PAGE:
By Bruce Best
The idea was good. It would be an assembly with padare and, as WCC general secretary Konrad Raiser put it, that would "serve as an indicator of the growing points, the problem points, the open questions, the new horizons that people are beginning to explore".
And the experience of padare? Positive things can be said about it. "A good experiment" is one way staff co-ordinator Myra Blyth sums it up. "The atmosphere in padare is very open, people are listening to each other, and thats certainly what we hoped for. That process of dialogue, learning and respect is evident."
But many other people have visited padare events or exhibitions and come away feeling disappointed or, sometimes, angry.
"The first action of the incoming central committee should be to offer a public apology to the padare participants for the way their presentations have been treated. The padare concept was basically good but eventually got lost in the poor planning of the event," said the Rev. Ron OGrady, now retired but an ecumenical staff person for many years.
In brief, the criticism is that events were hard for people to find, that exhibitors were placed in booths and tents in out-of-the-way places. The local vendors seem to receive more attention from assembly participants than the people whose efforts went in to the padare.
"Those are genuine criticisms and they are valid. Some (sessions and stands) are much less strategically placed than others. The padare ideally would be much more concentrated," said Blyth. "We will learn a lot from this. We see lots of ways to be better next time."
But she is convinced that the evaluation of the padare will find that its not only location that determines attendance.
One of those is the number of offerings for an event the size of this assembly. One working basis is that only about a third, or maybe a half, of those attending will go to any padare event. And the padare at this assembly was "designed for a larger number than were able, or wanted, to take part in it".
Another is about the environment. "We know from this experience that location and accessibility are very important." But surely any sensible organiser knows that before the event? Yes, but the arrangements here were "the best options we had for this particular site and out of the discussion with the university. They wanted us to use their facilities."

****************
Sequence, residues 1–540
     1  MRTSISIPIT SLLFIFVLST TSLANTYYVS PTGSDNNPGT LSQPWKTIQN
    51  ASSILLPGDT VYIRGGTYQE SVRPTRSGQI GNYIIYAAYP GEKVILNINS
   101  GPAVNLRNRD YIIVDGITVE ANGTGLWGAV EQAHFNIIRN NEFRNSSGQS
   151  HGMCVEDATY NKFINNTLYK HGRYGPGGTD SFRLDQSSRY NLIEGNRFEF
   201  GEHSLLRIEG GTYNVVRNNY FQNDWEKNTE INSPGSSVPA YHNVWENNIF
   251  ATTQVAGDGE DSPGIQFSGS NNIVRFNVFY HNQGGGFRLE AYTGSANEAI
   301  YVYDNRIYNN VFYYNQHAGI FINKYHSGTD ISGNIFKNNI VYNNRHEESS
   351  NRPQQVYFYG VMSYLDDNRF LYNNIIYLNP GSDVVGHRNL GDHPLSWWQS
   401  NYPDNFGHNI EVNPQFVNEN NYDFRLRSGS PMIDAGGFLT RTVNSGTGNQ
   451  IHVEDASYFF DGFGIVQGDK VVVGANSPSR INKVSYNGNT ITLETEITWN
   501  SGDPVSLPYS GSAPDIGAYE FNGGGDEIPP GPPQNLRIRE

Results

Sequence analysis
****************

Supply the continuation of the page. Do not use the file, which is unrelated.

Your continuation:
As it stands, both sides of the story seem to have happened the good and the bad.
Unity sessions have been some of the best attended, and padare workshops on globalisation and on debt have attracted good crowds. Another session on the viability of the ecumenical movement was packed out (about 60 people), while an inter-faith padare drew more than 100 people and generated very strong discussion.
Predictably, sexuality events had been very well attended, she said. Less predictably perhaps, "the atmosphere (was) extremely good. ... There have been extremely well conducted conversations."
Each of those positives, however, can be matched by at least one story of disappointment and frustration.
For example, some African women came with a carload of books for their padare stand. They ended up so far away from the popular pathways of the assembly that no one came by their stand. And Christine von Weisecker, a world figure in the area of biotechnology, was here for two padare sessions but "no one knew about it. The whole padare thing is a mess," said a person involved with that visit.
Nils Carstensen, in Harare for the joint churches agency Action by Churches Together (ACT), said he felt and so did a number of small groups with stands near his that it was a waste of time being involved in the padare.
"Why bother to come all this way? Its quite an investment, and my impression is that the investment is not paying."
He felt "geographically pushed away" by the assembly, he said. Not many people passed by. The ACT workshop held the previous day had attracted four, and three of those came only because another event nearby had been cancelled.
As Ron OGrady put it, "It is particularly unfortunate for some third world organisations who have spent many thousands of dollars bringing personnel and materials to Harare, only to find that their presentation has been lost in the confusion and dispersal of the display locations.
"More padare participants assumed that the WCC would at least take their concerns seriously because the preliminary publicity claimed that the padare process would feed into the WCC structures. However, the way the events have been structured, they are isolated and random presentations."
Blyth said the average number of people at workshops has been about 40-50, but she knows about small numbers, too. She did one padare (on gender and diakonia) and only four people came.
"Its true that some (padare organisers) have been disappointed when three or four people turned up when they had hoped for 40 or 50 to attend," she said, but added that "people go to these things because they want to have a discussion".
Related documents and articles:
Read other articles in this issue:
Union wants WCC to tackle Mugabe on banning strikes
Padare: the good and the bad story
Africans put their case to the West
Take Black Theology seriously, WCC told
Polygamy issue resolved
African 'gentility, humility' model for next millennium
Africa's gift of Ubuntu
Don't turn other cheek, women victims told
Churches want state to re-regulate markets
Malawi president won't sign death penalty
Chaz is all over the campus
|8th Assembly and 50th Anniversary|